I’m on the sidelines watching the movements of every soccer player on the field, anticipating the next sports injury. The game was well into the second half with no injuries and it seemed I would be able to go home early. But then, like a dramatic scene on ER, I see a coach collapse face down on the ground. He is not moving and he is not conscious. Without hesitation, I rush towards him, ignoring the panic and chaos ensuing from the field. I am the lone certified athletic trainer on site, left only with my skills and experience to guide me. But that’s the nature of sports medicine in the traditional outreach setting; resources are limited, time is of the essence and I must do everything I can to ensure his safety and well-being.
This is what “another day at the office” used to be like for me before I decided to work at a digital medicine company. I still remember my initial job interview when I was asked, “Aren’t you going to miss working with patients and athletes every day?” At the time, I wasn’t quite sure what I was getting myself into. Now, almost a year into this new endeavor, I’ve learned a few things about myself and what lies ahead for the future of healthcare and rehabilitative medicine.
I Can Still Help Patients
Even though I no longer work directly with patients and clinicians, I’ve found this position allows me the opportunity to still have a positive impact on them. Just so happens, I’m able to do this in an entirely unique way, yet I find I am still able to utilize my knowledge and skill sets.
My title is no longer Certified Athletic Trainer. Now, I work as a Clinical Specialist and Producer for a company that develops in-home tele-rehabilitation software using a digital avatar and motion capturing technology. Instead of watching athletes on the field and taking patients through their rehab with hawk eyes for exercise form and technique, I now spend most of my days working with engineers, UI/UX designers and animators. My job is to supervise and maintain the clinical relevance of our animations and the development of our exercise library and feedback system. I also work to ensure that our content is safe to use by patients and that all the components involved in creating an exercise come to fruition smoothly.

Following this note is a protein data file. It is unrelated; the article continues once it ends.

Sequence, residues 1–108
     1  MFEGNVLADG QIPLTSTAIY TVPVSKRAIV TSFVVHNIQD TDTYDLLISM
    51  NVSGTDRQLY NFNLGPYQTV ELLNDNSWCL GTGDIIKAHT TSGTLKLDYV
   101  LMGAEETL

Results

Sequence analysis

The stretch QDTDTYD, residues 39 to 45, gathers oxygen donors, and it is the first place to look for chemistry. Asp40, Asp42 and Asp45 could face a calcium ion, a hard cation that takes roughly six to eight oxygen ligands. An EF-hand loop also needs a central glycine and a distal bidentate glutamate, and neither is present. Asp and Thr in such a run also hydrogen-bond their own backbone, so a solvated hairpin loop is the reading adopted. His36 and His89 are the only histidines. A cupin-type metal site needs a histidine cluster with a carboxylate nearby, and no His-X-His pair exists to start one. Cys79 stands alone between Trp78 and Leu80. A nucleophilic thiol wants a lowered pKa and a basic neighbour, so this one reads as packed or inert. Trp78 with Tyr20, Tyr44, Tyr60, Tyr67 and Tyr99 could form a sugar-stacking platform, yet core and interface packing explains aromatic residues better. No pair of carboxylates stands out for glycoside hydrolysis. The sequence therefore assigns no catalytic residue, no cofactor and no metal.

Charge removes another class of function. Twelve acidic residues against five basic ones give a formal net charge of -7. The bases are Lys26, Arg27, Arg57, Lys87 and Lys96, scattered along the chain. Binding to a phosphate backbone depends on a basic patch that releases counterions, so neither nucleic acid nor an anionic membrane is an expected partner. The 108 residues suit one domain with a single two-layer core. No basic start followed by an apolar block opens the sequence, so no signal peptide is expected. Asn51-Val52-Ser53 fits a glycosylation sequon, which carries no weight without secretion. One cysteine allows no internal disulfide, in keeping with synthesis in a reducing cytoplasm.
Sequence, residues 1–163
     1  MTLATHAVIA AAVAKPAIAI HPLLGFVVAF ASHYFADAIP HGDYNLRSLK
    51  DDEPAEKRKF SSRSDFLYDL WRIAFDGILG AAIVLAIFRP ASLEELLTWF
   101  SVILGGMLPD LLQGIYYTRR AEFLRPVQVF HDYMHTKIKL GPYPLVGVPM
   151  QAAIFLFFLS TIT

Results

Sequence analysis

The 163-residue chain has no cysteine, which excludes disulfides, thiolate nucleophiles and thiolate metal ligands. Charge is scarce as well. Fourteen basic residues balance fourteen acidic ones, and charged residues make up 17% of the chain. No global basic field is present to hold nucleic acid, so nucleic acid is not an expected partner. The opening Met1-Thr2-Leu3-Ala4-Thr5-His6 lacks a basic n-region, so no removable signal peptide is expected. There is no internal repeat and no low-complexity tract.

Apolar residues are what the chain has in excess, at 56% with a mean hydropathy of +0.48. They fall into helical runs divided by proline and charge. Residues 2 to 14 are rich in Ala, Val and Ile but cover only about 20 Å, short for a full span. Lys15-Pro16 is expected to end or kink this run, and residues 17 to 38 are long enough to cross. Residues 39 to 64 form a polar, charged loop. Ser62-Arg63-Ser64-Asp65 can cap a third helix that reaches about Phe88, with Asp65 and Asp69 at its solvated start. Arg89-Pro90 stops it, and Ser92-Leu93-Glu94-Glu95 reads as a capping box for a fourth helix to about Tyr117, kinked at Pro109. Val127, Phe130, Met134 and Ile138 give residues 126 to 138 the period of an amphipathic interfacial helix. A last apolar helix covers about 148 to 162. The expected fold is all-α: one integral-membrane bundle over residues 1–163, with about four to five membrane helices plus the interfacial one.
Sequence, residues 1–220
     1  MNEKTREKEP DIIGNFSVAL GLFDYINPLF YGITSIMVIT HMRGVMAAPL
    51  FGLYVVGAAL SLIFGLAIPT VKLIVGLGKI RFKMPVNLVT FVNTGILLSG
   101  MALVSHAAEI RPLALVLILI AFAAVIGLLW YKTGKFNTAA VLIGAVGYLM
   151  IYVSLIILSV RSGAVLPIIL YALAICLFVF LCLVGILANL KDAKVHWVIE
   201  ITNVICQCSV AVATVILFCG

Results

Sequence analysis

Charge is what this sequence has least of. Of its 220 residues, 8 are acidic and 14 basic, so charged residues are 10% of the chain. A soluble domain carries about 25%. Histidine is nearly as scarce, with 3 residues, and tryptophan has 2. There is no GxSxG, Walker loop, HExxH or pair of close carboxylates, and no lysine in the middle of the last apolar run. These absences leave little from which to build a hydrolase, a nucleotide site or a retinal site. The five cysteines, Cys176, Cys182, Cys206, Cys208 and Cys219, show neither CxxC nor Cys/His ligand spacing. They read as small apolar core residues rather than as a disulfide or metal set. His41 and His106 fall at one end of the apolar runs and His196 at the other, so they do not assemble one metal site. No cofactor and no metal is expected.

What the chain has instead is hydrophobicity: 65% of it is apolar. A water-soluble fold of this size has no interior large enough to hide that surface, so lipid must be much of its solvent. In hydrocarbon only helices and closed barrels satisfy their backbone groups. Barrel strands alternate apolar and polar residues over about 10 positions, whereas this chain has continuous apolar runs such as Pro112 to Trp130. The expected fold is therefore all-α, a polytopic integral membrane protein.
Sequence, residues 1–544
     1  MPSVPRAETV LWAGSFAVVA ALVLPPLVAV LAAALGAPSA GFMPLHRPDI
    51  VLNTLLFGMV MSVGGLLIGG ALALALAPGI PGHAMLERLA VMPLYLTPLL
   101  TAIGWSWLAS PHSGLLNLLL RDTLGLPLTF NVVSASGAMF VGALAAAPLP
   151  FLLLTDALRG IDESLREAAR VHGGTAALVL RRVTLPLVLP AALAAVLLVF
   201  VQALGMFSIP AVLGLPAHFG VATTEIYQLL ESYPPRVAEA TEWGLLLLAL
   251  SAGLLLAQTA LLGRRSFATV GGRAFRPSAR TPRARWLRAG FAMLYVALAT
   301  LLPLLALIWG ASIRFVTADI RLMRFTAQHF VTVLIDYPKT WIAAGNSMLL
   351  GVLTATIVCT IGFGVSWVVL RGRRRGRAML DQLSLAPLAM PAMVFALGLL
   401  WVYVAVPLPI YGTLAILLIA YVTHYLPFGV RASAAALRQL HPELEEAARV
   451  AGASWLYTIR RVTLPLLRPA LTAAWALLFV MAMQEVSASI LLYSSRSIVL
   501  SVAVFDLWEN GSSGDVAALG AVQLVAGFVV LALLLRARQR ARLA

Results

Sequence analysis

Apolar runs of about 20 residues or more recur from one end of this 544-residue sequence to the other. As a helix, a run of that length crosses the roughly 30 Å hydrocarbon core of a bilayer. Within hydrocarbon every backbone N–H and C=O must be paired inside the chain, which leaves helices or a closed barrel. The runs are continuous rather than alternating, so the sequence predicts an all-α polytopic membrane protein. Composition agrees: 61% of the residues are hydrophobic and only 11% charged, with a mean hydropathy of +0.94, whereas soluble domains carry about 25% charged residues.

Technology Can Improve The Health Care Experience
There is a lot of innovation happening in the healthcare space right now. There is quite a bit out there that can help clinicians have an even greater impact on their patients and deliver quality care to people who grow so ever despondent with today’s healthcare system. Technologies such as remote monitoring and tele-rehabilitation are generating quite the buzz these days because it’s allowing clinicians to gain insight into the progress of their patients outside of the clinic. It can also keep patients engaged during their recovery. This is huge because it presents an opportunity to help patients recover from their injury sooner and even lower their chance for being readmitted to the hospital.
Times Are Changing
Healthcare is changing rapidly. With the many regulatory reforms that are happening in healthcare, especially with the newly finalized CMS mandatory bundled payment initiative for total hip and knee replacements – Comprehensive Care for Joint Replacement (CJR) -there is going to be a greater demand for providers to not only deliver good outcomes for their patients, but they will have to do so at a much lower cost, and be able to manage more patients. This puts a primer on a clinician’s ability to communicate well with their patients but also leverage the right technologies so that it improves the process of care and help enhance the connection between the patient and clinician. This idea of improving the patient experience, improving populations, and lowering the cost of care has been termed the Triple Aim. It just so happens that policy makers are aggressively pursuing this notion, and it will cause clinicians to do things a bit differently in order to be successful.
It Will Still Come Down to The Patient
Ultimately, it all comes down to the patient experience. And one thing I’ve learned from working at a tech startup is that all of these fancy patient engagement features don’t mean anything unless the patient can derive any meaning from it and use it to help them achieve their goals. And that’s what it still comes down to- how well patients can get back to what they’re doing and live their lives the way they want. And it’s our job to provide tools that can help clinicians get their patients to that point. These are exciting times in healthcare.
by So Young Ho, ATC, CSCS, PES, CES